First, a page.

TAMPA, Fla. (CW44 News At 10) – U.S. District Judge Virginia Hernandez Covington has sentenced Johnny Ordaz (32, Bradenton) to 12 years in federal prison for possession of fentanyl with the intent to distribute, possession of a firearm in furtherance of a drug trafficking crime, and for possessing a firearm as a convicted felon. The court also ordered Ordaz to forfeit two firearms, 121 rounds of ammunition, and $588 in cash, which are traceable to proceeds of the offenses.
A federal jury had found Ordaz guilty on July 8, 2021.READ MORE: Carol Burnett Will Guest Star In Final Season Of 'Better Call Saul'
According to court documents and evidence presented at trial, in September 2019, law enforcement officers stopped Ordaz’s car because he failed to stop at a stop sign and because the car’s window tint was illegally dark. During the traffic stop, officers discovered a firearm with an extended magazine, loaded with 31 rounds of ammunition, wedged between the driver’s seat and the center console. They also seized a bag containing fentanyl from the driver’s side door handle, as well as a digital scale and small clear plastic baggies. The officers also found a bag in the passenger seat that contained another firearm with an extended magazine loaded with 27 rounds of ammunition, 63 rounds of additional ammunition, another digital scale, sandwich bags, and more small clear plastic baggies. They also recovered $588 from Ordaz’s front pocket.READ MORE: Brittney Griner's Trial Is Set For Friday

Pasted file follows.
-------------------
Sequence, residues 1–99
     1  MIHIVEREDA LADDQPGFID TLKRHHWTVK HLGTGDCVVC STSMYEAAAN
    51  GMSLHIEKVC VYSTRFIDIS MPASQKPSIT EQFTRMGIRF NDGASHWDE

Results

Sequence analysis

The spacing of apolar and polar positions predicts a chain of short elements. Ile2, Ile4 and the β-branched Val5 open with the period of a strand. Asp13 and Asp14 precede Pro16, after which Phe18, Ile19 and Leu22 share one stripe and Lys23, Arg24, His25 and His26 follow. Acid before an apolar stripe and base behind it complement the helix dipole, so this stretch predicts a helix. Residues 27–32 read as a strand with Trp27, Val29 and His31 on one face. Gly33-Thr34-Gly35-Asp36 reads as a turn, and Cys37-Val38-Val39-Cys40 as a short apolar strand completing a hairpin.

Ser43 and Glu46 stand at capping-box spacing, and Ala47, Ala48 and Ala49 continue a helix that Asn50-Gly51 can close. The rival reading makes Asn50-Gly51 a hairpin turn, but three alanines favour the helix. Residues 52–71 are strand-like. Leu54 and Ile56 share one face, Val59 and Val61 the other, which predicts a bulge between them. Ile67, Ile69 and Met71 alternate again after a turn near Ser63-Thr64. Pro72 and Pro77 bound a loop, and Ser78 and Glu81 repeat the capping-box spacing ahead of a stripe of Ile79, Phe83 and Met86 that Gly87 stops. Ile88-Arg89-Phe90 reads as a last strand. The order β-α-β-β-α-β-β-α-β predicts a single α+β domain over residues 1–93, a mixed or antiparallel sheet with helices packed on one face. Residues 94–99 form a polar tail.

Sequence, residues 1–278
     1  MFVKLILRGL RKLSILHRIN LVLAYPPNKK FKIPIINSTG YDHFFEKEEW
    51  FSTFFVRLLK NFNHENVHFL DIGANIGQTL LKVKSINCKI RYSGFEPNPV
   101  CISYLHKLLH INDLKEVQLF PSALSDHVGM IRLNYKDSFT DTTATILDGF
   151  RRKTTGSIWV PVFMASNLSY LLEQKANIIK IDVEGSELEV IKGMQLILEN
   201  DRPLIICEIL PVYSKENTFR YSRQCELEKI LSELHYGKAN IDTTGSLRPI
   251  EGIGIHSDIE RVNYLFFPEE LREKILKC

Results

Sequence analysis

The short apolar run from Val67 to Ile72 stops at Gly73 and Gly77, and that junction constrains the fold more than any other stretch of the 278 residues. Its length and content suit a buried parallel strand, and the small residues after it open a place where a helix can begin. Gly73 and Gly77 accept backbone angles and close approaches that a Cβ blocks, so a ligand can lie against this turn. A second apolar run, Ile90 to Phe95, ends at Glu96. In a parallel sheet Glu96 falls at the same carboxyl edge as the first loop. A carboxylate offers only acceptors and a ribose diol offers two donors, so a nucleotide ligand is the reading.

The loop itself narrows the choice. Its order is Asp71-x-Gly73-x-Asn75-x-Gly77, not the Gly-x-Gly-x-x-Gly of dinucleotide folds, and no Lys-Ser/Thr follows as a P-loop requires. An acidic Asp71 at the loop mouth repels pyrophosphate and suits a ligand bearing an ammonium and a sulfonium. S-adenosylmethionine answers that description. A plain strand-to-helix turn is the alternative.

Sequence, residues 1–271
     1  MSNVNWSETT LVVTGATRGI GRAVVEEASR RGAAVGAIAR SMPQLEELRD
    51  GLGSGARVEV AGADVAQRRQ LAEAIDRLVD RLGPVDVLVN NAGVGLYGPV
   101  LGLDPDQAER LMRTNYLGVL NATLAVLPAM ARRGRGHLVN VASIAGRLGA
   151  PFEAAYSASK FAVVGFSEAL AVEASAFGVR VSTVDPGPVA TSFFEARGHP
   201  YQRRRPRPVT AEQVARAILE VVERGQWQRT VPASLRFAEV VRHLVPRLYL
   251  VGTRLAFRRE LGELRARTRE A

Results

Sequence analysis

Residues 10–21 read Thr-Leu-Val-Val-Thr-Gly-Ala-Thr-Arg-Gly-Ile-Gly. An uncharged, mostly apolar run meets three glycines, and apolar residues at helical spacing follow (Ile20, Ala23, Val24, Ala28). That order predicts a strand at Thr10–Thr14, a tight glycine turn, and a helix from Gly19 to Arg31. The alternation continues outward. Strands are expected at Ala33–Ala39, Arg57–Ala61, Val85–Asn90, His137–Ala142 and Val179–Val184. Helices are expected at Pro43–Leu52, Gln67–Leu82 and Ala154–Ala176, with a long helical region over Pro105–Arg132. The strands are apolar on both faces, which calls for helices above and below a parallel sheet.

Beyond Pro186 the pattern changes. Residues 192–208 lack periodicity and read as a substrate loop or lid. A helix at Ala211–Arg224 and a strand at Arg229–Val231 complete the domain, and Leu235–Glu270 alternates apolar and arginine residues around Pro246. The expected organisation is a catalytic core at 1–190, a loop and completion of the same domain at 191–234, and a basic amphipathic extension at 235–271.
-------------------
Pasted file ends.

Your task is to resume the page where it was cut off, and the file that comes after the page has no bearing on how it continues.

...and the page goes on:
Ordaz was previously convicted of multiple felony offenses, including possession of an unregistered short barrel shotgun, fleeing or attempting to elude a law enforcement officer, and possession of a firearm by a convicted felon. As such he is prohibited from possessing a firearm or ammunition under federal law.MORE NEWS: A Painful And Strained Relationship, Lil Nas X Calls Out BET
This case was investigated by the Manatee County Sheriff’s Office, the Drug Enforcement Administration, and the Bureau of Alcohol, Tobacco, Firearms and Explosives. It was prosecuted by Assistant United States Attorney Charlie D. Connally.